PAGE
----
The word “budget” may be like nails on a chalkboard. Budgeting doesn’t have to be the death of you and your social life. A budget can empower you to do more of the things you love in life. More importantly, changing your budget mid-month doesn’t need to be associated with guilt either. This month I changed my budget guilt-free, here’s how.
How I Changed My Budget This Month
This is my birth month (what-what!). I LOVE birthdays. Shout out to my girl Natalie who’s coming in town for a girl’s weekend to celebrate. YAAS.
In addition to my regular expenses for the month I allocated some extra cash for my birthday: $85 on a massage and $50 for a trim/blowout. Fancy pants, I know. Historically I’ve roughed it in the beauty department with $15 haircuts where my stylist wets my hair with a spray bottle and cuts.
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- How to Throw a Great Party (Without Spending a Fortune)
What I Changed in My Budget this Month
Last week I shared how I had my first “demo” day. The bunk beds were fixed to the wall. I had to pry, unscrew, and demolish them. You can see the pics here!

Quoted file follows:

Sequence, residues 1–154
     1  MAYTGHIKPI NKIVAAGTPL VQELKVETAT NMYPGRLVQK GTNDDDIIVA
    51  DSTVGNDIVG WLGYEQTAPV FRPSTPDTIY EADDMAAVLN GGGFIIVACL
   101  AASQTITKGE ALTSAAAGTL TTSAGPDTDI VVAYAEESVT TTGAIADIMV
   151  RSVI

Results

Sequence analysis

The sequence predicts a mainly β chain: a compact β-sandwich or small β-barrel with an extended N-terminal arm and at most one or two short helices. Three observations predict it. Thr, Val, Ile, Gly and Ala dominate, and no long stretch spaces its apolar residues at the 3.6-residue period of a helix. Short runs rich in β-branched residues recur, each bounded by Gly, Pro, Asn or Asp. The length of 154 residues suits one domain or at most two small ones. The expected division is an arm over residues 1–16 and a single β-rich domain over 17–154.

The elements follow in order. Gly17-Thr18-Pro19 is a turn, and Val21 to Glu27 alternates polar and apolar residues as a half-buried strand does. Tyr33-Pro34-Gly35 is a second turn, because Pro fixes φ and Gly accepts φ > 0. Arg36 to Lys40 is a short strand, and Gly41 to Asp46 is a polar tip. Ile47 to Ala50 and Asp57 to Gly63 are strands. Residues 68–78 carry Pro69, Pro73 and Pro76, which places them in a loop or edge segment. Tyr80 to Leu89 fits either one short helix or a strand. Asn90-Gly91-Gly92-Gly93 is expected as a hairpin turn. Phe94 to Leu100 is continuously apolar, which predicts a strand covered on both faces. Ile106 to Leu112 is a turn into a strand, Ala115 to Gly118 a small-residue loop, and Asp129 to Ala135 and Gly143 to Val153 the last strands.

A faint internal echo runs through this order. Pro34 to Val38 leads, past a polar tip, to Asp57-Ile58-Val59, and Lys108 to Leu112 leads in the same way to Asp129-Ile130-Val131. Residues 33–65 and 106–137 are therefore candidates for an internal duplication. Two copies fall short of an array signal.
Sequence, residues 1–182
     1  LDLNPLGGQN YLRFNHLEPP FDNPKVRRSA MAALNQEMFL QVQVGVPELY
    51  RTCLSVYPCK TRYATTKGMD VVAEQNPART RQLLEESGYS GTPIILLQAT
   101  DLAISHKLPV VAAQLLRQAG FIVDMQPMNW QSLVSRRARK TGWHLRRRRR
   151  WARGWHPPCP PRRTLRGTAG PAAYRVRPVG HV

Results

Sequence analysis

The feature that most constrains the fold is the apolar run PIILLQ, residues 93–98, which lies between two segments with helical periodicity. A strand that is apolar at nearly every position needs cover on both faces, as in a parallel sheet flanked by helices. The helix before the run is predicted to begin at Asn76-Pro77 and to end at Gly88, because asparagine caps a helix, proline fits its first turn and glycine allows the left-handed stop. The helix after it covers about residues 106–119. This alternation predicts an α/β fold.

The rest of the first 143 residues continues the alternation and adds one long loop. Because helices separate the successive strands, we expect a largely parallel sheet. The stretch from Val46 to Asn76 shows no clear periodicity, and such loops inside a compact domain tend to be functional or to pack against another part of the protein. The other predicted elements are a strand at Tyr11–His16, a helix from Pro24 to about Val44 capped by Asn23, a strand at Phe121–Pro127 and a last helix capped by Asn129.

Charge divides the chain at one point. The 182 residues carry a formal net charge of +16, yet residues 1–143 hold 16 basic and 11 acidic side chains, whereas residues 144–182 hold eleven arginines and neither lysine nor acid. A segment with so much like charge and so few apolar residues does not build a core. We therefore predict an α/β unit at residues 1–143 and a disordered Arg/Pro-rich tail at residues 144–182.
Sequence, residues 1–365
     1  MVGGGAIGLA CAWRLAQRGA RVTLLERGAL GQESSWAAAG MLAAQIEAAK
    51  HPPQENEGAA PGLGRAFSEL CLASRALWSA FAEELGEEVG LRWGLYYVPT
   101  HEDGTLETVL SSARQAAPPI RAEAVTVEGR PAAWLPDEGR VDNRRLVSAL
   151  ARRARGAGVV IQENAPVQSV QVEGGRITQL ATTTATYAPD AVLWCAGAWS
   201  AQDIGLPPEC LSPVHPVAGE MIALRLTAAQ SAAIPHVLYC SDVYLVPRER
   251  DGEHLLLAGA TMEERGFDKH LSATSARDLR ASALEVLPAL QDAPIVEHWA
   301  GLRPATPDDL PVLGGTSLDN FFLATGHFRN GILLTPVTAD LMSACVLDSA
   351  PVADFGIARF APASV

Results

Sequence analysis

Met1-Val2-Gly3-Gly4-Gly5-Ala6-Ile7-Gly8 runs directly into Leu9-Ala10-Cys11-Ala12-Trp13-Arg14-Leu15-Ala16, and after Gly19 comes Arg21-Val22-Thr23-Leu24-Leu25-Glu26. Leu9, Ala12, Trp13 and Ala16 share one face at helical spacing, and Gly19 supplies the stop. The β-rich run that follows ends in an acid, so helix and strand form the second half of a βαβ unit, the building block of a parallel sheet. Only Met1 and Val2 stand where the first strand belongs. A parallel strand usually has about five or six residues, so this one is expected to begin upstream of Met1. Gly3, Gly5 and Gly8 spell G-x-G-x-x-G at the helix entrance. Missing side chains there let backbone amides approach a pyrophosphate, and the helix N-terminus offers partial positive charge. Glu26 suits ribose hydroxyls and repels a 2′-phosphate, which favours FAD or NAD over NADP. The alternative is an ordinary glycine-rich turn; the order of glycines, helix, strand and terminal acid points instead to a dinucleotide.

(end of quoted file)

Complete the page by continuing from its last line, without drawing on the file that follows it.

I was going to wait until Black Friday to by a drill on sale next month. A handy screwdriver got the job almost completely done until the end. That’s when my values and budget mid-month changed and I needed a saw. I also decided to go ahead and get a drill!
How I Changed My Budget This Month (Guilt-Free!)
As soon as I started tackling my “demo” day, it was like a monster inside of me came alive. Instead of relaxation, I craved RENOVATING!
Instead of spending $50 on hair and $85 on a massage, I bought a saw and drill! LOL! I tried, I really tried doing the girly girl thing and instead I bought tools! I’ve experienced more joy in this last week tackling my DIY projects than imaginable. It’s a ton of work with lots of “whoops” moments too.
How I Avoided Feeling Guilty for Changing My Budget
If you’re like me, change or adjustments can be associated with feeling like you’re not doing “good enough.” Then, the natural response is massive feelings of guilt. That’s no fun. Getting rid of guilt with money isn’t easy, it’s a process. I had to give myself permission to adapt to changes in my project that dealt with my budget.
Brene Brown, a Social Scientist, defines guilt as, “adaptive and helpful – it’s holding something we’ve done or failed to do up against our values and feeling psychological discomfort.”
With that in mind, I knew that I wasn’t “blowing” my budget and overspending. Instead, I was simply adapting my budget. It was a quid pro quo situation. I was trading this for that. My bottom line was the same!
P.S. Want to feel less stress or guilt and more organized with your money life? Let’s work together. Get the details about a 1-hour money coaching session!